GE Honda Aero Engines has announced that its 2,095-pound-thrust HF120 turbofan intended initially for the HondaJet is nearing completion of certification tests and is on track for delivery of the first entry into service engines before year-end. “We now have a line-of-sight for certification and we are gaining experience on the fleet,” said GE Honda Aero president Terry Sharp.
GE Honda HF120
Honda Starts Production of HondaJet
Honda Aircraft has started the production line for its $4.5 million HondaJet entry-level twinjet. A handful of initial customer aircraft are scheduled to be completed next year. Honda expects FAA certification of the HondaJet’s GE Honda HF120 engine (2,095 pounds of thrust/5,000-hour TBO) in the middle of next year and aircraft certification in 2013.
GE Honda Aero completed water-ingestion testing on the HF120 engine that powers Honda Aircraft’s HondaJet in early September. The tests were done in one of GE’s Peebles, Ohio test cells and are just one of many the HF 120 has passed during a busy year as the engine nears FAA certification.
GE Honda Aero Engines completed water-ingestion testing last week on the HF120 engine that powers Honda Aircraft’s HondaJet. The tests were done in one of GE’s Peebles, Ohio test cells.
“2012 has been an extremely productive year,” said GE Honda Aero president Terry Sharp. The HF120 passed the ice slab test in August 2011 after failing it in February 2011, due to fan blade tip deformation causing a reduction in required thrust, according to executive v-p Masahiko Izumi. “We decided to make a small design change” to the fan blade tips, he said.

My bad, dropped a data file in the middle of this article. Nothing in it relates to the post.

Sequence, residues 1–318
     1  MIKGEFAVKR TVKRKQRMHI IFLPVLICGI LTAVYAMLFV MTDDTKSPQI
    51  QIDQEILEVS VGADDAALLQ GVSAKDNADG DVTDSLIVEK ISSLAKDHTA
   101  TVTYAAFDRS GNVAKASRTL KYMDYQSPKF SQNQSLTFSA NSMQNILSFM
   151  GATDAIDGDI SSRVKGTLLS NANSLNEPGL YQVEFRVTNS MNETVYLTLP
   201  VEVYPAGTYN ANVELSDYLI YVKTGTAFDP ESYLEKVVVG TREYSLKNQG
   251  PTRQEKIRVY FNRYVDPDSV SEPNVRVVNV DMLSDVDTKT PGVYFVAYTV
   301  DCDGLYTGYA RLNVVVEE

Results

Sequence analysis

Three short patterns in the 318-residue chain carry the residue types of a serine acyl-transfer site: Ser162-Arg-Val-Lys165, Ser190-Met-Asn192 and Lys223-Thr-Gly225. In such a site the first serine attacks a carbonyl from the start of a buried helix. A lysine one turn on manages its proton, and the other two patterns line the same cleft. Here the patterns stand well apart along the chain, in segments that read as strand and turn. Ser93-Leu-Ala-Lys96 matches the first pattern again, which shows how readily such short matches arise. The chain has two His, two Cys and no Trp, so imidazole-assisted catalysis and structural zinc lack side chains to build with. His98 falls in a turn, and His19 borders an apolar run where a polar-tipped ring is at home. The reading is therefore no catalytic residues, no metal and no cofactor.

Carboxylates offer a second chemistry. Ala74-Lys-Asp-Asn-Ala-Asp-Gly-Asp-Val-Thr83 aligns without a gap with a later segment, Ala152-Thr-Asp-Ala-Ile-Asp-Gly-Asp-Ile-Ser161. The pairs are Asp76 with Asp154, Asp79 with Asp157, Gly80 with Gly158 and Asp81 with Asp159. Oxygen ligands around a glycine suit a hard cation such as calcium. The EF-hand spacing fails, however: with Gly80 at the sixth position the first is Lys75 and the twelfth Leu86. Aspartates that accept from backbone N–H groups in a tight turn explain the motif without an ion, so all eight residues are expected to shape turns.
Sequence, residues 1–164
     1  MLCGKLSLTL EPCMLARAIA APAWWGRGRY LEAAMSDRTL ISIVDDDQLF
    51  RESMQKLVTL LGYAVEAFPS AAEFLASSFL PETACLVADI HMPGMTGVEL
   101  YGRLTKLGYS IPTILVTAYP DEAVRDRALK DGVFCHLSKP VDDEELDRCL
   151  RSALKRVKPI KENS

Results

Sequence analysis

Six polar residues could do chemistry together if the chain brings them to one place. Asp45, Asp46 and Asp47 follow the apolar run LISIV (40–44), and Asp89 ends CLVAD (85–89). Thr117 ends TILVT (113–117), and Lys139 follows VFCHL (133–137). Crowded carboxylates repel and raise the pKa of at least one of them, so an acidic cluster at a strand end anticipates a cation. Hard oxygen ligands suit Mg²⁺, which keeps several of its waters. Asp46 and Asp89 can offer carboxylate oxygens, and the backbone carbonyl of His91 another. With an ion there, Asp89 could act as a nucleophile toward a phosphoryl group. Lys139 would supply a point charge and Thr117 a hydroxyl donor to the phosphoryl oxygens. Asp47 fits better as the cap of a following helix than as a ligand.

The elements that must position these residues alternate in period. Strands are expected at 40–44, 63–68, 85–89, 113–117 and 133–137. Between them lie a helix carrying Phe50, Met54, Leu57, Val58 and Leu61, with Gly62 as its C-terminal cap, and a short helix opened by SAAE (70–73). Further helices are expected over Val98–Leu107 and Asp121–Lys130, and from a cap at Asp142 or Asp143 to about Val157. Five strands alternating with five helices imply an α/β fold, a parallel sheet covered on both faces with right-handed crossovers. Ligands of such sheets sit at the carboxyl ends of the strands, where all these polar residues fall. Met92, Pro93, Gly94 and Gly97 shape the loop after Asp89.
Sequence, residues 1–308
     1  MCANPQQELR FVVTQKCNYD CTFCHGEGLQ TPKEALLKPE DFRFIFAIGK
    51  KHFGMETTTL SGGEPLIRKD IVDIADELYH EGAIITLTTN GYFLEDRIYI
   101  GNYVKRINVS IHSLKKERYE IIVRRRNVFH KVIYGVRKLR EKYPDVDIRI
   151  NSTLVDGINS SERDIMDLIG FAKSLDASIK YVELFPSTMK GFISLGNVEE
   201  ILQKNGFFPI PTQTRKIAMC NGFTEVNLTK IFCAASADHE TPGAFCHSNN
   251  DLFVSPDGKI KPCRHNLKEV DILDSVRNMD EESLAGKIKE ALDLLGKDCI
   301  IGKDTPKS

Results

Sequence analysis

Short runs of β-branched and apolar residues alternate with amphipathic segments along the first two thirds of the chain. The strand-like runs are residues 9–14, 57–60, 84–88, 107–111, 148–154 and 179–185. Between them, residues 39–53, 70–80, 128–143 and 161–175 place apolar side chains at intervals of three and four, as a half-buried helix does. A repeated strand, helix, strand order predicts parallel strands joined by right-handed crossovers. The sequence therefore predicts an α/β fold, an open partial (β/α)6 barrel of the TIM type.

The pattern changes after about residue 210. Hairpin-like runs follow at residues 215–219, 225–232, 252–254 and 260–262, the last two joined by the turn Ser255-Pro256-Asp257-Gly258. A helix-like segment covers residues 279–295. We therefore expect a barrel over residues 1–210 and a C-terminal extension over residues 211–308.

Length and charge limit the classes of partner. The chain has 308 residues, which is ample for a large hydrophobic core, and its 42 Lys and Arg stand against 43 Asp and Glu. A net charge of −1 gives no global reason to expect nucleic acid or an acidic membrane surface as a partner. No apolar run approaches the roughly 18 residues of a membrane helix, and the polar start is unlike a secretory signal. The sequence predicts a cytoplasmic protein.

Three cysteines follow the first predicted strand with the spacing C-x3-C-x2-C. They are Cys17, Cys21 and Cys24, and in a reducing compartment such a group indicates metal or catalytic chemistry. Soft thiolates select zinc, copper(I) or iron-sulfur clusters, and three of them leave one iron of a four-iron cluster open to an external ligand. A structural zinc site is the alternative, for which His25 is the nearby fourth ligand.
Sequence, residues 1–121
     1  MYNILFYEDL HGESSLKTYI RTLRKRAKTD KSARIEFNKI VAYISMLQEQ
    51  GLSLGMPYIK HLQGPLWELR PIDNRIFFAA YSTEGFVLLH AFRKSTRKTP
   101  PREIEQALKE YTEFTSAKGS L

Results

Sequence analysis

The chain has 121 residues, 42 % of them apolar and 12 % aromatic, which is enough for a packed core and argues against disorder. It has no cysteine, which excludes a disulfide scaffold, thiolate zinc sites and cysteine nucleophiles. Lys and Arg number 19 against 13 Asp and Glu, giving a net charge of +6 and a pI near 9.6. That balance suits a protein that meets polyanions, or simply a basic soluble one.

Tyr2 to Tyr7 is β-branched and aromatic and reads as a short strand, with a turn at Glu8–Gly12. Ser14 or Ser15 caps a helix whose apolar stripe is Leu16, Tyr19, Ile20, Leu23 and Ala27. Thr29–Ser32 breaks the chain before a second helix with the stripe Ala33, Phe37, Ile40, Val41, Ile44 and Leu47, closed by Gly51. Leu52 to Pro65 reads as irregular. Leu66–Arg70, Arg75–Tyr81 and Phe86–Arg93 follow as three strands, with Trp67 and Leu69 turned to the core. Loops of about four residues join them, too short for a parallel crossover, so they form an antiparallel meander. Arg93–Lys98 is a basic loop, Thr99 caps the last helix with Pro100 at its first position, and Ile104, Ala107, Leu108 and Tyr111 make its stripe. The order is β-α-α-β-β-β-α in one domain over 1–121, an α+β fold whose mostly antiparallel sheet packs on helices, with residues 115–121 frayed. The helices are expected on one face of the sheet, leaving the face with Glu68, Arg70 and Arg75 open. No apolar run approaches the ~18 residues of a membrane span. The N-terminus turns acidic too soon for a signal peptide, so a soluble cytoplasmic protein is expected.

The HondaJet fuselage displayed this week at EBACE was a production article with the production interior and cockpit. Some changes are evident in the fuselage, notably the removal of flip-down displays above each passenger seat.
GE Aviation (Stand 1143) is here promoting its 800-hp H80 turboprop engine, which was certificated by the U.S. Federal Aviation Adminstration in March and already has several applications. Meanwhile, the HF120 turbofan program–for the HondaJet–has progressed slowly.
Honda Aircraft’s third FAA design-conforming flight test prototype–F2–made its first flight on Nov. 18, 2011, from Honda Aircraft headquarters at Piedmont Triad International Airport in Greensboro, N.C. Stephan Johansson captained the flight, along with copilot Tom Maurer. The 44-minute first test flight reached 12,480 feet and 245 ktas and included flap and landing-gear operation and handling tests at low speed and up to 200 ktas as well as air data systems checks and an ILS approach using the flight director in the HondaJet’s Garmin G3000 avionics suite.
Deliveries of the HondaJet will be delayed until at least mid-2013 because of a late-stage redesign of the GE Honda Aero HF120 engine that powers it. The engine fan has undergone the redesign following a failure during an on-ground ice ingestion test, Honda Aircraft president Michimasa Fujino revealed at NBAA 2011 in Las Vegas today. Fujino said he expected the revamped engine to be certified sometime in the second half of 2012. He called the delay “regrettable.”
Nexcelle (GE Aviation, Booth No. 1833) is developing the nacelles for two new engines from GE Aviation and CFM International, a partnership between GE and Safran for business and commercial aircraft: the GE Passport 20 and the CFM International Leap-X1C.
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